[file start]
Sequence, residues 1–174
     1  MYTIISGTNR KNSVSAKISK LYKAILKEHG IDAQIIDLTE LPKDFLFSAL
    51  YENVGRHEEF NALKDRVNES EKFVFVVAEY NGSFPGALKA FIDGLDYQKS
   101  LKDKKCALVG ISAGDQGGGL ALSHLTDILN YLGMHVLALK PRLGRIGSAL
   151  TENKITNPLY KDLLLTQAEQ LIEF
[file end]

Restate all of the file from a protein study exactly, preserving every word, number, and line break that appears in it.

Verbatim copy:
Sequence, residues 1–174
     1  MYTIISGTNR KNSVSAKISK LYKAILKEHG IDAQIIDLTE LPKDFLFSAL
    51  YENVGRHEEF NALKDRVNES EKFVFVVAEY NGSFPGALKA FIDGLDYQKS
   101  LKDKKCALVG ISAGDQGGGL ALSHLTDILN YLGMHVLALK PRLGRIGSAL
   151  TENKITNPLY KDLLLTQAEQ LIEF